The 1914-18 World War 1 conflict greatly impacted Australian life and the Penrith community was no exception.
The Penrith district, encompassing the suburbs and towns in the current local government area, felt the impact of war as casualty figures mounted. Alfred Colless, editor of the Nepean Times, published letters from soldiers and nurses serving overseas and obituaries for
many of the soldiers. In the early years of the war, the Nepean Times regularly included lists of local boys who had enlisted, the wounded and the dead. By July 1917, when the casualties were mounting at an increasing rate, the lists disappeared. Over 115 men born or resident in the Penrith District at
the time of enlistment, were killed during World War 1.
During World War 1, 16 nurses from the Penrith District served overseas with the Australian Naval and Military Expeditionary Force in Rabaul, on hospital ships and with the Australian Imperial Force in Egypt, England, the Western Front and Salonika (Greece). The nurses
enlisted under terms which offered free return passage by 2nd class steamer or military transport, free uniform and allowance for upkeep, pay rates of 100 pounds per year for Matron while a staff nurse received 340 pounds per year (the same rate as a private soldier). It was not until late 1916
that nurses received officer status. Working conditions were less than ideal. Many Australian nurses served in British hospitals under British staff and felt aggrieved as they had enlisted to nurse Australian soldiers.
Overall, 2139 Australian nurses served overseas while 423 remained on home service. 21 Australian nurses died on overseas service and 235 were decorated.
This page commemorates the work undertaken by the 16 Penrith district nurses, including their service on the hospital ship Grantala. If you would like to submit additional details for any of these nurses, please email:
During World War 1, guns captured from the enemy were labelled with details of the name of the unit which had captured the piece, and the date and place of capture. Trophies were then sent to England for storage before being sent home to Australia. It was determined that
the new National War Museum would only retain a portion of the trophies for display. A War Trophy Committee, set up to organise the allotment of the trophies, was inundated by requests for guns. It was necessary to draw up guidelines for disbursement which took into
consideration the claims from soldiers who had captured the guns, and which recognised the towns from which the soldiers had volunteered. Distribution of the guns was based on a number of factors:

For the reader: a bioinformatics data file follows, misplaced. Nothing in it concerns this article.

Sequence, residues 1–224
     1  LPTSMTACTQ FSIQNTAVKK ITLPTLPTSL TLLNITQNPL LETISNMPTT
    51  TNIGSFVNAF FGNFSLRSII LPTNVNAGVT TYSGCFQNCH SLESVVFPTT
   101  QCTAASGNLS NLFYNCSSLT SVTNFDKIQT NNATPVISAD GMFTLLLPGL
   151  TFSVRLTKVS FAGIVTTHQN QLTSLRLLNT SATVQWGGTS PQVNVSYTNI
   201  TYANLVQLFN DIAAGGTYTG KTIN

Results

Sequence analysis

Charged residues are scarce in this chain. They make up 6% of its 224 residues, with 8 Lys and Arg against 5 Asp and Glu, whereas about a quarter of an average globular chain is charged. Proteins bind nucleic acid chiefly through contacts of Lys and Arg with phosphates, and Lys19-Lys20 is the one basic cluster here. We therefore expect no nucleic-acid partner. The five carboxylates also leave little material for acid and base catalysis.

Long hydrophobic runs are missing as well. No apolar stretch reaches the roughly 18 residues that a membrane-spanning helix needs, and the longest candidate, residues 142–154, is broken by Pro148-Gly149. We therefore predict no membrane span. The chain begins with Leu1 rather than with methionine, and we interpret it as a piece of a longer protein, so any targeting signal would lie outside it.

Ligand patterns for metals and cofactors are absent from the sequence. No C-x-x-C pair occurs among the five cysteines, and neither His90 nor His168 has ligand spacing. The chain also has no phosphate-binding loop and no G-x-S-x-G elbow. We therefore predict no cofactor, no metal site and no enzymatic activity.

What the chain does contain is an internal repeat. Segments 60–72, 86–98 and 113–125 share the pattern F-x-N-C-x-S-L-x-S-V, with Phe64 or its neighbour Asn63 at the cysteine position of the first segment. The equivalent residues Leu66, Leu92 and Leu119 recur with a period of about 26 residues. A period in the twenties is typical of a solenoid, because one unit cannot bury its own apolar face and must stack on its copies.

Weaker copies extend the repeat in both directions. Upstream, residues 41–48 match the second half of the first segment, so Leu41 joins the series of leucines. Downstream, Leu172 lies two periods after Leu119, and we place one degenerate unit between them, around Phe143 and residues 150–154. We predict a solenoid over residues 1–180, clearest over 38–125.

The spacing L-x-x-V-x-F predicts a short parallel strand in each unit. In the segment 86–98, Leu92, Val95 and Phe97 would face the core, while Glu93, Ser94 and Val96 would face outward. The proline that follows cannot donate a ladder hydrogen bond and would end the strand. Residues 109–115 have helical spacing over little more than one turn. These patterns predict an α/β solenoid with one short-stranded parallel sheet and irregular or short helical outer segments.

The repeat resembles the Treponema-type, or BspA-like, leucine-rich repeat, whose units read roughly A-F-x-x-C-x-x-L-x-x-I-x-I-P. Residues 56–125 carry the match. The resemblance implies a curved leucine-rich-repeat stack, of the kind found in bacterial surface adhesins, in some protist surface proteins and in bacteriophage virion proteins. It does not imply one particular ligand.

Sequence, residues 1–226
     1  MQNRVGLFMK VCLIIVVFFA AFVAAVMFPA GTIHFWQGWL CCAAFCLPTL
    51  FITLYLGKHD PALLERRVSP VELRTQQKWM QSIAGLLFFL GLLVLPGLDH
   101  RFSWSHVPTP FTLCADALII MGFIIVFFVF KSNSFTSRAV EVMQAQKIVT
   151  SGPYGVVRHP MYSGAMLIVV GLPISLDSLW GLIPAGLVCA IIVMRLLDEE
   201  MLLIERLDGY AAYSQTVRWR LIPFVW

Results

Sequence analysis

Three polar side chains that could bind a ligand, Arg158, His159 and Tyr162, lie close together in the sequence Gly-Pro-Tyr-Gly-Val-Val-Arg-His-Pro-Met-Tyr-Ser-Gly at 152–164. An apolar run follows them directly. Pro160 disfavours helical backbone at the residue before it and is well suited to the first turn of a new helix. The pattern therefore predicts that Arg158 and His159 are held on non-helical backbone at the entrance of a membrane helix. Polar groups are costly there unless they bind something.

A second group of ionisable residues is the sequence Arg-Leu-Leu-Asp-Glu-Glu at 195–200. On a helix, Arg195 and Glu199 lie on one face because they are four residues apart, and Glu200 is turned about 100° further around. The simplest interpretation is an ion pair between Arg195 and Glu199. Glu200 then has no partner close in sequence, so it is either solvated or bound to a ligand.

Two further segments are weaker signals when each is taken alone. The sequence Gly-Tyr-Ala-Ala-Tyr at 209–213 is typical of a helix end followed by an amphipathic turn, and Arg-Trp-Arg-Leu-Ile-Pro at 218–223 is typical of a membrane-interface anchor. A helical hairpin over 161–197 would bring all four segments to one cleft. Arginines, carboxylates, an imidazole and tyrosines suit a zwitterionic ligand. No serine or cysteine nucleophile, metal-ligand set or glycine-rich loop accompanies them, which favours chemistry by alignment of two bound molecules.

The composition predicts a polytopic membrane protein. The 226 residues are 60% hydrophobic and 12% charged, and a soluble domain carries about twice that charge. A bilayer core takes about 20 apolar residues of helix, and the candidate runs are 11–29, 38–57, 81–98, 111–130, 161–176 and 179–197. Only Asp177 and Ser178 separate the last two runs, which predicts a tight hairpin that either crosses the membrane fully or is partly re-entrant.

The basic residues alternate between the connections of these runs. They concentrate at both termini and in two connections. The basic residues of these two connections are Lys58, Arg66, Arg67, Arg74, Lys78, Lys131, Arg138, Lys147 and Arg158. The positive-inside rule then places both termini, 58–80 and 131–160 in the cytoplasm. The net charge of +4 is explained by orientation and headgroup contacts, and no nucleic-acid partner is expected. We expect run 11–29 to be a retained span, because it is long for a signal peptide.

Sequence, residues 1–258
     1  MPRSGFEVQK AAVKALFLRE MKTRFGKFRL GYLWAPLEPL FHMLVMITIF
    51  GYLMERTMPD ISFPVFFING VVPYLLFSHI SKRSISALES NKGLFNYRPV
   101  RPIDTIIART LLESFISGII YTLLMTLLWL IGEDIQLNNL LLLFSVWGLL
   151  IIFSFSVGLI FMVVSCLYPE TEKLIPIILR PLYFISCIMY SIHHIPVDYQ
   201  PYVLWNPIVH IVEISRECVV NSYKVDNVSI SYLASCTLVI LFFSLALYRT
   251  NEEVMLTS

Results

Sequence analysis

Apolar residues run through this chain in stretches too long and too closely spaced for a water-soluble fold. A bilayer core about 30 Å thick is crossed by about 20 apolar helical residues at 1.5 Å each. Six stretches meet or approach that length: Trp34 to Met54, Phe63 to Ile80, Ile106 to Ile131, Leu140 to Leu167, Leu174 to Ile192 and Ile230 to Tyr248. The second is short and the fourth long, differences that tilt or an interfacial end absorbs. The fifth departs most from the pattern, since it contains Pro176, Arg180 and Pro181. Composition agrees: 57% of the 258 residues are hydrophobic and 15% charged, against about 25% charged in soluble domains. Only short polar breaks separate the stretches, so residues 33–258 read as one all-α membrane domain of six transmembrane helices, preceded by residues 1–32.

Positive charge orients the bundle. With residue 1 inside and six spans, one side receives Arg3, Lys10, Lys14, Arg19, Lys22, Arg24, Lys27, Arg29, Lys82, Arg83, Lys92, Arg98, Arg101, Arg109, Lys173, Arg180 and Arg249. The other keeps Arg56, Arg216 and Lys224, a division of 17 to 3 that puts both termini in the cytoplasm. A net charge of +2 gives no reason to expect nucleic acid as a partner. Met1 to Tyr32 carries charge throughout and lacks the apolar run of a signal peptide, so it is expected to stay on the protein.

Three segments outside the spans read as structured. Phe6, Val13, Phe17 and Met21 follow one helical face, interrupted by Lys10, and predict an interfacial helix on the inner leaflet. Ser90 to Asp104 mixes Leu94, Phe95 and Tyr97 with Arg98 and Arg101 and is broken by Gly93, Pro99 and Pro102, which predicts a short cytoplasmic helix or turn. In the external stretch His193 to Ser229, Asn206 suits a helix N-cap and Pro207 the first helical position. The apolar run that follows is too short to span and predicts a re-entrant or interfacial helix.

The claims of the AIF unit responsible for the gun's capture. The restructure of the army after the war saw many of these guns allotted to Commonwealth Military Forces (CMF) units. Many units either handed control of the guns over to the council, or requested that
they be distributed to other towns
Pool A Guns. The remaining guns were allotted to towns all over Australia. Towns applying for guns had to comply with a series of conditions which included the appointment of three trustees. One of the trustees was required to have served in the Australian Imperial Forces.
The trustees were responsible for:
The following locations within the Penrith Local Government Area were issued with war trophies. Additional information will be added to the website over the next few months.
The catalyst to provide honor rolls which listed local residents who had volunteered to serve overseas began early in the war. Faced with the appalling loss of life at Gallipoli and on the Western Front, many believed that formal recognition was necessary.
Soldiers were to given public honour as fellow citizens as employees, worshippers and members of community organisations. Government departments and private companies, churches and schools, lodges and sporting clubs everywhere installed honour boards and in many
places, put up more substantial monuments. Most committees raised money for the memorials as they had done for wartime funds, by appeals in the press, door-to-door canvassing, fetes and dances and any other device they could think of. Penrith, like many towns, faced a number of hurdles when erecting its
public monument. There was disagreement among the community about the form of monument. Many returned soldiers were interested in the erection of a club house or hall for their use. Others wanted a monument that would publicly acknowledge the service of a large number of men from the Penrith
The number of Honor Rolls in the Penrith district reflected this desire to honour the dead and to commemorate those fortunate enough to survive the war. Many Honor Rolls were unveiled including: St Stephen's Church, Penrith Methodist Church, St Nicholas of Myra
Church , the Penrith Presbyterian Church, Jamisontown United Church and Lodge Nepean.
To assist researchers, the full name has been listed if known.
The Penrith District Roll of Honor 1914-1919 commemorates our fallen World War 1 soldiers who lived in Penrith, enlisted in Penrith or are listed on the Rolls of Honor in the Penrith Local Government area. Details on the Roll of Honor have been obtained
from the Australian War Memorial, Commonwealth War Graves Commission, War Memorials in the Penrith area and Local Sources such as newspapers and church records.
Biographies for these soldiers are gradually being added to the website. This information is compiled from the above sources as well as family members. If you would like to submit details for any of these service personnel, please email
Additional information can be accessed by contacting Penrith Library's Research Room on (02) 4732 7899, or Information Librarian Lorraine Stacker on (02) 4732 7886 or email firstname.lastname@example.org. You can also go to the
Penrith City Local History website.
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